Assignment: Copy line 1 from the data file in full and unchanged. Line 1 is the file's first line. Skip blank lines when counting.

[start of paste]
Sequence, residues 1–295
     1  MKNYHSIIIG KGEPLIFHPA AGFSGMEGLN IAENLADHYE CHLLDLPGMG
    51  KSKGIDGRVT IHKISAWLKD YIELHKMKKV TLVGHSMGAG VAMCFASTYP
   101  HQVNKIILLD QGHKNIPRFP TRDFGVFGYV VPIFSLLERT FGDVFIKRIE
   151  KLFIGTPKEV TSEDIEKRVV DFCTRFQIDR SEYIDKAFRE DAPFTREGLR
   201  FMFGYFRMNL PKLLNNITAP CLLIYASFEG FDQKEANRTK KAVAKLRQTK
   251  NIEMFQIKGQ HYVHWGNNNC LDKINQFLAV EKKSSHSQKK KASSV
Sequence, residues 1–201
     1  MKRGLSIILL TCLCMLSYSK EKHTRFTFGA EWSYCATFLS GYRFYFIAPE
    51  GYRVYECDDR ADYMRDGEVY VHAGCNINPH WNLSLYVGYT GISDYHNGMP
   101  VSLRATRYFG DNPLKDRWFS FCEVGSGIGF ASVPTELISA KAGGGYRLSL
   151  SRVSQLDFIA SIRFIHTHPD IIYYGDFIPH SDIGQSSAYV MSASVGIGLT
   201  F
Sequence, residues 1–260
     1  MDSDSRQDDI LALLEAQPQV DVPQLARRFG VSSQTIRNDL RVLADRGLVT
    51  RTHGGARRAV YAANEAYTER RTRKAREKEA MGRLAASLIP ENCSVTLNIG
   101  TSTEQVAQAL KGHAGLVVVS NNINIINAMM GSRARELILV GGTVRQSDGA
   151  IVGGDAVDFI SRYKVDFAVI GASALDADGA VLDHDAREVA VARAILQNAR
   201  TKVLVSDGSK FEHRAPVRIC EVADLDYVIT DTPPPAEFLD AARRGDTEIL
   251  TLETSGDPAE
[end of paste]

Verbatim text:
Sequence, residues 1–295